• Corpus ID: 38238971

Relationship between plasma ACE activity and the prolif- erative healing process in coronary vessel injury after coronary stenting

@inproceedings{2000RelationshipBP,
  title={Relationship between plasma ACE activity and the prolif- erative healing process in coronary vessel injury after coronary stenting},
  author={},
  year={2000}
}
  • Published 2000
  • Biology, Medicine
The recent publication by Agerholm-Larsen B. et al. addressed the important issue of the degree of association between the insertion/deletion (I/D) polymorphism of the angiotensin converting enzyme (ACE) gene and its phenotypic expression in terms of basal plasma level of the enzyme in a large population of healthy Danes [1]. The I/D polymorphism explained up to 30–40% of the total phenotypic variance of plasma ACE level in women and men irrespective of age. This is in agreement with previous… 

Figures from this paper

References

SHOWING 1-10 OF 17 REFERENCES

D allele of the angiotensin I-converting enzyme is a major risk factor for restenosis after coronary stenting.

The results suggest that the renin-angiotensin system may be implicated in the pathogenesis of restenosis after coronary stenting.

Plasma activity and insertion/deletion polymorphism of angiotensin I-converting enzyme: a major risk factor and a marker of risk for coronary stent restenosis.

In a selected cohort of patients, both the D/D genotype of the ACE gene, and high plasma activity of the enzyme are significantly associated with in-stent restenosis.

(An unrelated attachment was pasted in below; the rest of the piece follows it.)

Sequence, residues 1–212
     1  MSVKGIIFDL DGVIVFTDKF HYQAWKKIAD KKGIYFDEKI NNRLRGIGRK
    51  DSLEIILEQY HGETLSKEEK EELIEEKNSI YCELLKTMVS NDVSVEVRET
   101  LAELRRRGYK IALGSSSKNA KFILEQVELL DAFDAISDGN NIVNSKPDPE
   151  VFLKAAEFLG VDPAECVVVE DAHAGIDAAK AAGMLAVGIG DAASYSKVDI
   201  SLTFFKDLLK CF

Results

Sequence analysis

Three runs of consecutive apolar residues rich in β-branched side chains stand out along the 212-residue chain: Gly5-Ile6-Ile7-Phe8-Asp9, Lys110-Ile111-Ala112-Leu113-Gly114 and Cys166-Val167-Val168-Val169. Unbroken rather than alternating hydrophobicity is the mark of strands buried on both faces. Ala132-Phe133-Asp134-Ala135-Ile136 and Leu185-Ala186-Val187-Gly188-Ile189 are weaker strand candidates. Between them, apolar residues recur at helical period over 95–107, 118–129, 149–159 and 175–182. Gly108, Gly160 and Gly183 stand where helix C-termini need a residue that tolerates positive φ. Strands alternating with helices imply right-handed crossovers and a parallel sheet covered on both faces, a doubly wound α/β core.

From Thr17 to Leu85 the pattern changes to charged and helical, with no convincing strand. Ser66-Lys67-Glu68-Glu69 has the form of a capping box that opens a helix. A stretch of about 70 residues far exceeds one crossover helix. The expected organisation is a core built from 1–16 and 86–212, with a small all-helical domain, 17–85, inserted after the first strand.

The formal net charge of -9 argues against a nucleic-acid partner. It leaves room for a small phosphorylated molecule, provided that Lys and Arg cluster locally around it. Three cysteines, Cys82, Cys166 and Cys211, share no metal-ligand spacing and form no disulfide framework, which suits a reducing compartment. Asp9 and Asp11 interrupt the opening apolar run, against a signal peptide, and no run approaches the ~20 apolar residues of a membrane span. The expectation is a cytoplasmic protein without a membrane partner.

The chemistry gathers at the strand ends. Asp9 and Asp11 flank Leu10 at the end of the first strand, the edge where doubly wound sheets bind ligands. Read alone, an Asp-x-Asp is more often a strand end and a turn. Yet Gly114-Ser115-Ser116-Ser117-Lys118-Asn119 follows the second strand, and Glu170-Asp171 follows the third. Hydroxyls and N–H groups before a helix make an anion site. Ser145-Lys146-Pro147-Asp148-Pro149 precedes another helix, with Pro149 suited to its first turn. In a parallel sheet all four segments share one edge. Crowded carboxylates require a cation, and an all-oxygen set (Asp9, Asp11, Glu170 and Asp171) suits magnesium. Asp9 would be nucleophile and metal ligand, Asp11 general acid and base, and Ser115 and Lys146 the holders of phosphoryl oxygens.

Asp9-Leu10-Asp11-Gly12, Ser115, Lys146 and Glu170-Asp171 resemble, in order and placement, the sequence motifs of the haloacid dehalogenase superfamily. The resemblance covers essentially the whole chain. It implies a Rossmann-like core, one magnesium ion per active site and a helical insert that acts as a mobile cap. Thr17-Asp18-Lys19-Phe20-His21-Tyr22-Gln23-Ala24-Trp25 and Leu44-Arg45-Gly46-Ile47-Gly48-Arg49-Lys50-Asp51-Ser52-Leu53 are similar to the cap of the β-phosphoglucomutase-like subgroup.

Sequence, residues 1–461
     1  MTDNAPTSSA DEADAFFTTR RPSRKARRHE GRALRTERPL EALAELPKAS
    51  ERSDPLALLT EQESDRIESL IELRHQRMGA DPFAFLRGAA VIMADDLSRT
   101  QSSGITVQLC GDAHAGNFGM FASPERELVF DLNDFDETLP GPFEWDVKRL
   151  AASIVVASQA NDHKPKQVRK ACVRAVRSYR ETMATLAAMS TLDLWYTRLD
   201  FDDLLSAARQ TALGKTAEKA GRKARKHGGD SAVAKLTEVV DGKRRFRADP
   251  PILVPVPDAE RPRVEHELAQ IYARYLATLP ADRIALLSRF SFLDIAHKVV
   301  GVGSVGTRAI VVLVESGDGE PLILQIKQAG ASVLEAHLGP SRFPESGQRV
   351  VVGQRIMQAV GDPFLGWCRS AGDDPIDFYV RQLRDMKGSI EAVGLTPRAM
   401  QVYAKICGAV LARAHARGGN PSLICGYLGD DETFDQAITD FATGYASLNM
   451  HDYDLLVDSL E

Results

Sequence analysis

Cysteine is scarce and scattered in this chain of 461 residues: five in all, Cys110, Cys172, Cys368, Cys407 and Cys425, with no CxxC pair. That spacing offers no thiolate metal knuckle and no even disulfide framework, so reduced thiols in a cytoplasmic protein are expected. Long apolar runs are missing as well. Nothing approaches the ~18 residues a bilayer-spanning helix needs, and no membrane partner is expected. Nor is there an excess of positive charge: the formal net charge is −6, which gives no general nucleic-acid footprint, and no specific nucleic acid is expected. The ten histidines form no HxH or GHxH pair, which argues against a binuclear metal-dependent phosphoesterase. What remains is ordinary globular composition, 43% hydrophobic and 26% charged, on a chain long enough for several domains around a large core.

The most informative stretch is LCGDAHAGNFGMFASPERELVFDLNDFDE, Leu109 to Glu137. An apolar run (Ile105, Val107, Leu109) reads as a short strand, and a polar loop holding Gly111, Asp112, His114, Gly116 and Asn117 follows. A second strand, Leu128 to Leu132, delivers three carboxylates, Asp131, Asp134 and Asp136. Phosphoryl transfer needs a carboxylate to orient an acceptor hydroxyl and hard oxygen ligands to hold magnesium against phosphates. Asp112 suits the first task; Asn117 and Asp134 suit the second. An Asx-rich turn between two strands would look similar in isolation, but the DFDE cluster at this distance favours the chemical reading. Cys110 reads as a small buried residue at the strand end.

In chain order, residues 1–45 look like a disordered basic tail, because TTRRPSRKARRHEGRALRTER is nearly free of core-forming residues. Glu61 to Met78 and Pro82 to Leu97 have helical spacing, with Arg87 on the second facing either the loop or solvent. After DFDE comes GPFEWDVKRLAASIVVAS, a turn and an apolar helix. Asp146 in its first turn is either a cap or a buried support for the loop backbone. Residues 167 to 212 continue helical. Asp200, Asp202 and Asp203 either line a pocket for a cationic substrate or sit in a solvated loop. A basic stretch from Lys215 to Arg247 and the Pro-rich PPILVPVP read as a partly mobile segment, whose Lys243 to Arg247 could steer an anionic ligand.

Relation between the deletion polymorphism of the angiotensin-converting enzyme gene and late luminal narrowing after coronary angioplasty.

In this quantitative study, the I/D polymorphism of the ACE gene had no influence on the occurrence of restenosis after coronary angioplasty.

Plasma angiotensin-converting enzyme activity and left ventricular dilation after myocardial infarction.

Elevated plasma ACE activity determined soon after the onset of MI may be a significant predictor of the development of left ventricular dilation and may identify patients at risk.

Potential Importance of Tissue Angiotensin‐Converting Enzyme Inhibition in Preventing Neointima Formation

A dissociation of the ability of an ACE inhibitor to decrease blood pressure and inhibit circulating ACE activity from its ability to inhibit tissue ACE activity is demonstrated.

ACE gene polymorphism: ischemic heart disease and longevity in 10,150 individuals. A case-referent and retrospective cohort study based on the Copenhagen City Heart Study.

In two large studies, a case-referent study and a retrospective cohort study in an ethnically homogeneous white population, there was no evidence for a statistically significant difference in the development of myocardial infarction or any other manifestations of ischemic heart disease between genotype classes of the ACE gene polymorphism in either women or men.

Pathology of acute and chronic coronary stenting in humans.

Morphology after coronary stenting demonstrates early thrombus formation and acute inflammation followed by neointimal growth, and deployment strategies that reduce medial damage and avoid stent oversizing may lower the frequency of in-stent restenosis.

An insertion/deletion polymorphism in the angiotensin I-converting enzyme gene accounting for half the variance of serum enzyme levels.

The insertion/deletion polymorphism accounted for 47% of the total phenotypic variance of serum ACE, showing that the ACE gene locus is the major locus that determines serum ACE concentration.